So: I owe my relationship to publicly professing an urge to copulate with the dead, flaming corpses of young animals (and I bet that that’s a phrase you never expected to read) — which itself traces back to Royce.

Okay. I’m done. Uff-da.


First off, the good news: we’re not being affected by the current weather craziness hitting the northwest. While we’re near the Green River, which is pretty high at the moment — the National Weather Service Advanced Hydrologic Prediction Service has one checkpoint on the Green River, near Aburn (just south of us), which shows it at ‘Action Stage’ but already crested and predicted to drop (check other NW area rivers here — it doesn’t look like it’ll be flooding in our area.

That said, this is nuts! This stormpocalypse hit us in two stages: first the snowpocalypse, and now the floodpocalypse (yes, the nomenclature is silly, but that’s part of the fun). I’ve been watching #waflood on Twitter, and it’s been fascinating watching all the updates appear.

It’s also neat seeing just who all is involved with this method of awareness and communication. In addition to all the “normal people” giving updates, the Washington State Department of Transportation is using WSDOT and @terpening (as well as their Flickr account, the city of Bellingham, FEMA (a far cry from Katrina!), the Red Cross, King County, and probably plenty of other official organizations are joining in. Lots of good information coming out…even when the information isn’t good:

Washington Transportation Secretary Paula
Hammond says Interstate 5 at Chehalis could be closed for four

The Transportation Department is monitoring the flooding. The DOT says I-5 is closed from US 12, milepost 68, to Grand Mound, milepost 88 in Lewis County due to the rising water in Dillenbaugh Creek south of Chehalis.

Hammond says the flooding is similar to the December 2007 flood that caused a four-day blockage on the main north-south route in Western Washington.

Hammond says when the Chehalis River crests Thursday night,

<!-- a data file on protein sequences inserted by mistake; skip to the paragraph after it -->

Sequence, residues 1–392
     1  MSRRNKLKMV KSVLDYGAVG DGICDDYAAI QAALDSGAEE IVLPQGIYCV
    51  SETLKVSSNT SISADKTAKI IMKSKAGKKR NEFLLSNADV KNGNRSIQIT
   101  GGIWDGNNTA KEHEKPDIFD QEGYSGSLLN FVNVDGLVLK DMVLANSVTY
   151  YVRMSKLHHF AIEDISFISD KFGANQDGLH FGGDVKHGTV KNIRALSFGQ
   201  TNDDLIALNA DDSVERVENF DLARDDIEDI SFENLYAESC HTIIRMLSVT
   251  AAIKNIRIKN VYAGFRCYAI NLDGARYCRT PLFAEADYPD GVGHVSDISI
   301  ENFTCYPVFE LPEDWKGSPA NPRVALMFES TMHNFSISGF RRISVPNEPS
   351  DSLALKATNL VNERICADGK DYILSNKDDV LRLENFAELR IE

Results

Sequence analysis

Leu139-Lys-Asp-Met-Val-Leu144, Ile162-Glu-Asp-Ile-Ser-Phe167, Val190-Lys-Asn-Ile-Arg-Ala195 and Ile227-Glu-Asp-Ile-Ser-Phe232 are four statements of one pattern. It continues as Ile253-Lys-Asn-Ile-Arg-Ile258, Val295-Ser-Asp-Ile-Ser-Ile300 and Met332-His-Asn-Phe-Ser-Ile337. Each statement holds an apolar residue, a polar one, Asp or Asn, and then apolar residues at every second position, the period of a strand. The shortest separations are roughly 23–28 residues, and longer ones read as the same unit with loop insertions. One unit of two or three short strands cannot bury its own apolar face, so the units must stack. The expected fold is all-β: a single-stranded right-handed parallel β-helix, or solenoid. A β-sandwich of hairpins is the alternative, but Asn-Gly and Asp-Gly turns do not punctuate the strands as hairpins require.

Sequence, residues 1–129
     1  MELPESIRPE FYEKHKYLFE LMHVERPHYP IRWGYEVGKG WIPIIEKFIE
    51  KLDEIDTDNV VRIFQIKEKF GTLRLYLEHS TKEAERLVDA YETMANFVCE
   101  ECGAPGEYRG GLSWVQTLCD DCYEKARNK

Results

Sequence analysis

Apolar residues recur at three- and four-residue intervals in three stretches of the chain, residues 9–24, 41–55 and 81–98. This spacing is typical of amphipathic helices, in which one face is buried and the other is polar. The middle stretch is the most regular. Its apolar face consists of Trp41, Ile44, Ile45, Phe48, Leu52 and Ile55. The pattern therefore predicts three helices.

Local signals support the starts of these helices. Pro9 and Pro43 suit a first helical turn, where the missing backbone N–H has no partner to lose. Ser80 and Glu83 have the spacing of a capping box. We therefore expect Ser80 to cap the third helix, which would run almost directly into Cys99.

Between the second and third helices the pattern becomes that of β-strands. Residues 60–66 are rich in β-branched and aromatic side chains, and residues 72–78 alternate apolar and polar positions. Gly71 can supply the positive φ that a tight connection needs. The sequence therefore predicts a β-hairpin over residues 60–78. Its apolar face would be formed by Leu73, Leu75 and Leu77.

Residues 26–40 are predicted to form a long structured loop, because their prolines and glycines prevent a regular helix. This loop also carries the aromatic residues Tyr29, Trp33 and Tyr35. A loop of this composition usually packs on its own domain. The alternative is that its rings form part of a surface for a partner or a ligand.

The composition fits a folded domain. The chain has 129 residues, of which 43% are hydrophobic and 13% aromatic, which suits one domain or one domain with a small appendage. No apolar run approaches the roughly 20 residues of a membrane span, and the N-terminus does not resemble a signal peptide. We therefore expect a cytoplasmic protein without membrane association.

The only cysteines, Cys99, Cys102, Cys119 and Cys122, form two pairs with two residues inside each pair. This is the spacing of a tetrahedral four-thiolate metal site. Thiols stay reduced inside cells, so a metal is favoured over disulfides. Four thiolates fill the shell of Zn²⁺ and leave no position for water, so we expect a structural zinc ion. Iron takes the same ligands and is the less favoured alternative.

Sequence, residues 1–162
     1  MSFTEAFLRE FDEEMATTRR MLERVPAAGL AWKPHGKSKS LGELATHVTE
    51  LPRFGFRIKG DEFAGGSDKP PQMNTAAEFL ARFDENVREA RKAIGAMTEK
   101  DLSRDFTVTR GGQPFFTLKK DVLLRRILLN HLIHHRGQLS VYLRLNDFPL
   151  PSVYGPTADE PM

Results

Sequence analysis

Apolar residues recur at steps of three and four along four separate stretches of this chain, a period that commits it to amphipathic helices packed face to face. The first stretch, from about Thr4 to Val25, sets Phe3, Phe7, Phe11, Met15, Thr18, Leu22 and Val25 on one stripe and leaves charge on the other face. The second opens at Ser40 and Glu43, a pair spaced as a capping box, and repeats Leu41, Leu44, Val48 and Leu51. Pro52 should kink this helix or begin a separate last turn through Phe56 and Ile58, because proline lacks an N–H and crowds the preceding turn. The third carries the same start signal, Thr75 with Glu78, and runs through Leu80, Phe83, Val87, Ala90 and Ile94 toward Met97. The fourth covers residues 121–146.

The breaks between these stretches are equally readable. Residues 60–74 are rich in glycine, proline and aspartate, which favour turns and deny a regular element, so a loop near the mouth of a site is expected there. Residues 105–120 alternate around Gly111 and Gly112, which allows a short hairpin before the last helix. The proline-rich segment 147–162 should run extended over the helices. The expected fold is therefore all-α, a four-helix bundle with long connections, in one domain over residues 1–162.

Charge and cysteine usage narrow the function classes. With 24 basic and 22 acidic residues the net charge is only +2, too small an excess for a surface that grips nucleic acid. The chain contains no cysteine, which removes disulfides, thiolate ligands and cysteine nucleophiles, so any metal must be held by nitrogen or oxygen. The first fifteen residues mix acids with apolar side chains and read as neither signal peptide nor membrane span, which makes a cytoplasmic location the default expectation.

officials expect water to be 10 feet deep over the highway. After
the water starts falling, crews plan to use pumps and breach a levy
to help the water drain out.

Hammond says about 10,000 trucks a day travel I-5 and the
financial impact of the closure on freight movement is about $4
million a day. That’s made worse by the closure of the three major
Cascade passes.

In fact, according to an early morning WSDOT tweet, “There are no north south routes available between Seattle and Portland, or east west routes from Western WA to Spokane at this time #waflood”. Unless you want to go to Canada, Seattle and its surrounding metro area is essentially completely cut off!

Crazy stuff, and I’m counting myself quite glad to not be directly impacted by any of this — though it came close, as Prairie’s dad sent us a shot of the Lewis River just outside his house in Woodland (in southern Washington, just north of Vancouver, which is just north of Portland).

Lewis River Flooding

The river holding, the rising has slowed, four feet to the top of the bank, then four feet to the main floor. Am watching close, a fireman rang the door bell, said be ready to evacuate, have been planning but have taken no action, hope that I don’t have to scramble.

It sounds like the river didn’t get quite high enough for evacuation, but that’s pretty close!

So…what’s going to be Stormpocalypse Part III?